Bipolar crying spells

Bipolar disorder is a common cause of uncontrollable crying. Also called manic-depression, bipolar disorder is characterized by extreme changes in mood from high to low feelings. It affects more than 2 million adults in the United States.

The depressive states of bipolar disorder can look like depression, but it’s otherwise a very different condition. People with bipolar disorder will also experience times of manic excitement and energy.

Other symptoms include:

  • extreme and unpredictable mood swings
  • irritability
  • impulsiveness
  • racing speech and thoughts
  • need for less sleep without getting fatigue
  • delusions of grandeur
  • hallucinations

Bipolar disorder can occur in anyone of any age and ethnicity, and it’s commonly passed down in families. A doctor can offer many options to treat it.

Pseudobulbar affect

Uncontrollable crying can be caused by pseudobulbar affect, also called emotional lability. There have been reports of this uncontrollable laughing or crying since the 19th century.

Pseudobulbar affect is marked by laughing or crying that seems inappropriate to the environment or stimuli. It’s believed to be caused by damage to the brain, though more research is needed to fully understand this condition.

The U.S. Food and Drug Administration has recently approved one of the first forms of treatment for pseudobulbar affect. If you have uncontrollable crying at unexpected times and no other symptoms, speak with a doctor.

● Relax your facial muscles. Ms. Driver said that your inner eyebrows pull together and up when you are genuinely sad, and that loosening those muscles will “lock up” your tears.

● Breathe deeply. Theresa Nguyen, a mindfulness and success coach who founded More Time More You life coaching in Dallas, said that focusing on your breath can help you step away from your emotions — and stop you from saying anything you might regret later. “Take a deep breath in through your nose for four seconds and hold it for two seconds,” Ms. Nguyen said. “Then, through pursed lips, breathe out for another eight seconds.”

● Give yourself a hard pinch. If you can hide your hands, Ms. Driver suggested: “Simply pinch the skin between your thumb and pointer finger and voilà, you will instantly stop crying.”

Make the tears disappear

Once the waterworks have ended, you may well find yourself with a flushed face and red, puffy eyes. Dr. Deanne Mraz Robinson, a board-certified dermatologist and founding partner of Modern Dermatology, a dermatology practice in Westport, Conn., said that we hold our breath when we cry. That makes the oxygen levels in our blood drop, turning it a darker shade of red and causing that telltale blotchiness that accompanies a good cry. To get rid of the flush, start by taking big, deep breaths.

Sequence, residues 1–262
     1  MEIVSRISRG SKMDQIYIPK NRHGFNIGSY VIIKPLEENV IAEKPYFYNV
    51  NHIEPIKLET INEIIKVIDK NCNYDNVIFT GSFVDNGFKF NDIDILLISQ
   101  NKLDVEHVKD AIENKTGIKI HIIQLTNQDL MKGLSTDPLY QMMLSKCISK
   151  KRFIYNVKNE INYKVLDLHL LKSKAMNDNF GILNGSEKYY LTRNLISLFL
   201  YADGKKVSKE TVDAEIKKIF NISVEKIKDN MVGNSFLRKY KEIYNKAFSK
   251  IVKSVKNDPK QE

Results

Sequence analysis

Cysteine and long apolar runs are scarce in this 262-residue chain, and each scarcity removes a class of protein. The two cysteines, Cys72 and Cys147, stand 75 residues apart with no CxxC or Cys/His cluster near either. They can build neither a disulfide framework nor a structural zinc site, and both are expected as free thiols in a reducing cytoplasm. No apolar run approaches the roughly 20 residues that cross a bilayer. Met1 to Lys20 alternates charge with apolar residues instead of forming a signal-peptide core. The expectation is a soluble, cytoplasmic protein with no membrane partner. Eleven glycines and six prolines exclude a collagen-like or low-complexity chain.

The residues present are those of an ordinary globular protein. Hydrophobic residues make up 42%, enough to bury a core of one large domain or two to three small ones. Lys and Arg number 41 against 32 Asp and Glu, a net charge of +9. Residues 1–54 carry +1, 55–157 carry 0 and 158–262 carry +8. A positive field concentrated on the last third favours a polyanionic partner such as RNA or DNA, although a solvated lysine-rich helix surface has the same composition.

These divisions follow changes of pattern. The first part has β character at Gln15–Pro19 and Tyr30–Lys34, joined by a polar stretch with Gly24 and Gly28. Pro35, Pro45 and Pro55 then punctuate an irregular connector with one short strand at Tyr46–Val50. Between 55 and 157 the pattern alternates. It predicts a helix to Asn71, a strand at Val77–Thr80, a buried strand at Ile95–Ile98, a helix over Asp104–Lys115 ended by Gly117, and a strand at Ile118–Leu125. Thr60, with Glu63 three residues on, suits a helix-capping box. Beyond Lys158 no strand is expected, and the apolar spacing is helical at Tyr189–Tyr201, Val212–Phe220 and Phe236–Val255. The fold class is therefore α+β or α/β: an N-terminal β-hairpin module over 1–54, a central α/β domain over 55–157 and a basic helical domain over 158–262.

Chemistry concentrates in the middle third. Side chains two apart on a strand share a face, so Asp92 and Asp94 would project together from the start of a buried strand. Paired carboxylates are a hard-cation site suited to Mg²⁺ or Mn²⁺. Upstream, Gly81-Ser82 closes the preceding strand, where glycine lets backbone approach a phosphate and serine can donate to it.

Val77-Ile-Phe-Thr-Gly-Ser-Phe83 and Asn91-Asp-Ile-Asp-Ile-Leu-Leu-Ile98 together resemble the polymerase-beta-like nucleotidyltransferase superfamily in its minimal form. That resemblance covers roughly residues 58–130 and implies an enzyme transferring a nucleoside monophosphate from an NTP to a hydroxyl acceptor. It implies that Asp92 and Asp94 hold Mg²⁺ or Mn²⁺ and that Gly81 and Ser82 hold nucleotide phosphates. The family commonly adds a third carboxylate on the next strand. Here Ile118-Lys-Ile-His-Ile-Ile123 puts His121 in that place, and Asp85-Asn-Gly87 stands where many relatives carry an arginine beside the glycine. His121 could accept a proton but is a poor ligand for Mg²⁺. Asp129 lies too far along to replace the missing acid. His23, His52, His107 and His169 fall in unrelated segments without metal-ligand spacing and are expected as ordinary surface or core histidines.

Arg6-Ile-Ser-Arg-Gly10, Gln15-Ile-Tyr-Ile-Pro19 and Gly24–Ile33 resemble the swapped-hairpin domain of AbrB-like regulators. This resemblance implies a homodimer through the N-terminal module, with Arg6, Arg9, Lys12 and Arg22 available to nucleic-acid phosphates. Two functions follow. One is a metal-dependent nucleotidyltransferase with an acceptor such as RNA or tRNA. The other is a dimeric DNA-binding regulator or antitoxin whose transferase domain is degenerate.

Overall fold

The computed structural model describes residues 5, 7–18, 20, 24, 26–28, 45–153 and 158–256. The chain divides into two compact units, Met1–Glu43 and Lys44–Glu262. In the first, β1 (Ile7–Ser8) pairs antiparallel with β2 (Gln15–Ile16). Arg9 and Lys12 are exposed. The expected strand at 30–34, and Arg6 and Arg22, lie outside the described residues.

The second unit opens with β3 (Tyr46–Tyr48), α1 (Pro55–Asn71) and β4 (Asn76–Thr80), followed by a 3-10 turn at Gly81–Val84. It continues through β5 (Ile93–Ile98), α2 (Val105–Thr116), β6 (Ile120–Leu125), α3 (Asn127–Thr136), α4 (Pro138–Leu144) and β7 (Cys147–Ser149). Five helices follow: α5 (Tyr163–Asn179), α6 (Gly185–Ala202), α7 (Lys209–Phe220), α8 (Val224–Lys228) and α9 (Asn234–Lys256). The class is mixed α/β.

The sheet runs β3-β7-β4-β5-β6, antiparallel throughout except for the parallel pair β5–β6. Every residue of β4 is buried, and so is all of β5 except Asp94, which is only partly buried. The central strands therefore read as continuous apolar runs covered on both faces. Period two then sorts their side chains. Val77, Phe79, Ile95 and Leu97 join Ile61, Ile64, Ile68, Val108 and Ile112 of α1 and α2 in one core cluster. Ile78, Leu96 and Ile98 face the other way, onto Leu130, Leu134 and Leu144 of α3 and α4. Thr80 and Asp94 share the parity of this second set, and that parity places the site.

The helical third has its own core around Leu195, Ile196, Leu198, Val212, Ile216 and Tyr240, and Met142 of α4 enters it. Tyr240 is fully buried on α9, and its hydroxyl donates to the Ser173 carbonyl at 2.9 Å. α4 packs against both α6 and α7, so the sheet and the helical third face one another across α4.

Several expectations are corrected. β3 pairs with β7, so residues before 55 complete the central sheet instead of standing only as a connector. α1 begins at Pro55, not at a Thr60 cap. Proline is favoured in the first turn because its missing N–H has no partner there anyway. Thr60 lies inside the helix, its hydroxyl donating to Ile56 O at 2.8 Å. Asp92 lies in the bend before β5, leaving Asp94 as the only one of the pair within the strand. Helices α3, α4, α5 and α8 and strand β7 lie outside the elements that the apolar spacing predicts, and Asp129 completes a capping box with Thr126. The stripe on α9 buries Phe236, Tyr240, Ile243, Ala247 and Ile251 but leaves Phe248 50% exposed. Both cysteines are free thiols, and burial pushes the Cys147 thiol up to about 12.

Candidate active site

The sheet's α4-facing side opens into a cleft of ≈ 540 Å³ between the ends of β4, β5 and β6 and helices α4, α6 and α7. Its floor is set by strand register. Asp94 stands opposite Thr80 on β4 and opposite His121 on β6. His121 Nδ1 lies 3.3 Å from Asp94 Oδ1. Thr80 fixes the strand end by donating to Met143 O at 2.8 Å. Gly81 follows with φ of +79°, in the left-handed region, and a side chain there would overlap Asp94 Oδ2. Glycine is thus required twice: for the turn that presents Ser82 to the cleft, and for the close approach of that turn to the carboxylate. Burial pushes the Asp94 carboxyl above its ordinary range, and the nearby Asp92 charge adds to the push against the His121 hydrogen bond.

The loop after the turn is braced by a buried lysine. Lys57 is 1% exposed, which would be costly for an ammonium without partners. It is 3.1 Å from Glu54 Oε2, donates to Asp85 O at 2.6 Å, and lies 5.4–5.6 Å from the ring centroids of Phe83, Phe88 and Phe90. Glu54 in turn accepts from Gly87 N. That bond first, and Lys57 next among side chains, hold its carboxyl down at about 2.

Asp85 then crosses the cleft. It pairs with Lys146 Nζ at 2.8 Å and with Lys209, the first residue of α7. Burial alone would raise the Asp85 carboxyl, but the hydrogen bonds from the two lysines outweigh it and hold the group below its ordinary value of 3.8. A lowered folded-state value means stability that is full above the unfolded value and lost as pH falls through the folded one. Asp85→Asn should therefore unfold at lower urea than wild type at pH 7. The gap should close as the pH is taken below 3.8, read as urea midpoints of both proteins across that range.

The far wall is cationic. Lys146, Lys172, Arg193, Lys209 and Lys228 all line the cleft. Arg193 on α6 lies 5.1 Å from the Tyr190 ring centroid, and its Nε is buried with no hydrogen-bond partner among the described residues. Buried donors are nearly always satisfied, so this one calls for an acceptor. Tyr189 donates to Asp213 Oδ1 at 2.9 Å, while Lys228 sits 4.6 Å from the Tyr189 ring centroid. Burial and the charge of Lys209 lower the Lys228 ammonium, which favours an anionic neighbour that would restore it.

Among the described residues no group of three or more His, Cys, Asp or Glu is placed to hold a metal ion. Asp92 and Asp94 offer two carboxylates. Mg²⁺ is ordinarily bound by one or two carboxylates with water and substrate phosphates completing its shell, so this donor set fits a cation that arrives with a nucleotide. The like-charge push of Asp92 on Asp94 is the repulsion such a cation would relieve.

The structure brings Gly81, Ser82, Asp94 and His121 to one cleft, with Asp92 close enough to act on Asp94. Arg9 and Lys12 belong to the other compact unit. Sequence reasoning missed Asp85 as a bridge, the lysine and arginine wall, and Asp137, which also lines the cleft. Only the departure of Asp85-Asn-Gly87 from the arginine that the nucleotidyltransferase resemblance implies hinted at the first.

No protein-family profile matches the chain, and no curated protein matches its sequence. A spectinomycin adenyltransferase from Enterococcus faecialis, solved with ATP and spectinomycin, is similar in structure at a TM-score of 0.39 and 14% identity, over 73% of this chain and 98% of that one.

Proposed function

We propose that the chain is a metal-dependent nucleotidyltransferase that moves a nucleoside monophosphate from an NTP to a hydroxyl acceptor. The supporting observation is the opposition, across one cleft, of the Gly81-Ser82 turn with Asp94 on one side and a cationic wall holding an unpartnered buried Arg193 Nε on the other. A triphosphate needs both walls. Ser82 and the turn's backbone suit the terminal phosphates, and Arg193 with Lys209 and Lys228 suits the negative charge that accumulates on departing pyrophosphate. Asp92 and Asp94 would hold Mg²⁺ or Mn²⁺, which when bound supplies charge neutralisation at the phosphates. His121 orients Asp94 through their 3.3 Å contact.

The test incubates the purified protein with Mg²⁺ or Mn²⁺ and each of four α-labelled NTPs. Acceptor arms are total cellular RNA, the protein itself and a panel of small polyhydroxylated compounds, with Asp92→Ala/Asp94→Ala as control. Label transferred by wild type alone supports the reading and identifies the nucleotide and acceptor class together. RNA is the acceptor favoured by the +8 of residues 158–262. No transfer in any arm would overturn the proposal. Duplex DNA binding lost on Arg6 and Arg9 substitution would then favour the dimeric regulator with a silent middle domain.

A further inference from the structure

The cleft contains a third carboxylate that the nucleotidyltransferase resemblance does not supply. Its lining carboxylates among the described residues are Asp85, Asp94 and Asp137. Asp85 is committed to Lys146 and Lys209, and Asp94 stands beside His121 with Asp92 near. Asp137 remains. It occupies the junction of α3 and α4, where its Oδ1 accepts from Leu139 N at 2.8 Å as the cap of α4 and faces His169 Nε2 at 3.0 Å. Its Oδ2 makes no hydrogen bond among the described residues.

“To combat puffy eyes, apply cold to the under eye to help constrict the blood vessels,” Dr. Mraz Robinson said. “If you’re at home, wash your face with cold water or apply an eye mask or a bag of frozen peas from the freezer. If you’re out and about, try wetting your fingers with cold water from the sink and then gently pat under your eyes.”

Dr. Rhonda Klein, who co-founded Modern Dermatology, said that a moisturizer containing niacinamide, a form of vitamin B3 that has anti-inflammatory properties, can help soothe irritated, post-crying skin. She also recommends applying green-toned makeup concealer to neutralize flushing, and using redness-reducing eye drops like Visine.

“You can also apply Afrin — a popular nasal decongestant — topically to the skin to reduce redness,” Dr. Klein said. “The active ingredient in Afrin, oxymetazoline, works by constricting blood vessels, blocking blood from traveling to them and therefore reducing redness.”

If you’ve ever asked yourself, “Why do I cry so much?” you’re definitely not alone. Whether it’s over a breakup, a disappointing review at work, or the loss of a loved one, shedding a tear or two is a normal aspect of life. “Crying is an excellent way of releasing emotions and processing difficult situations,” says Dr. Gail Saltz, associate professor of psychiatry at the NY Presbyterian Hospital Weill-Cornell School of Medicine. But when people begin to feel they don’t have control over their emotions, it can signify something more serious is going on.

Here, we asked experts to break down the psychology behind constant crying.

1. Depression

Depression is a mood disorder marked by persistent feelings of sadness or numbness that can lead to unusual crying. “If you’ve had a change in how much you’re crying and it’s consistent with your mood, then you should think about depression,” says Dr. Saltz says. She adds that signs of depression include feelings of sadness, hopelessness, or emptiness, a loss of interest, sleep disturbances, and fatigue.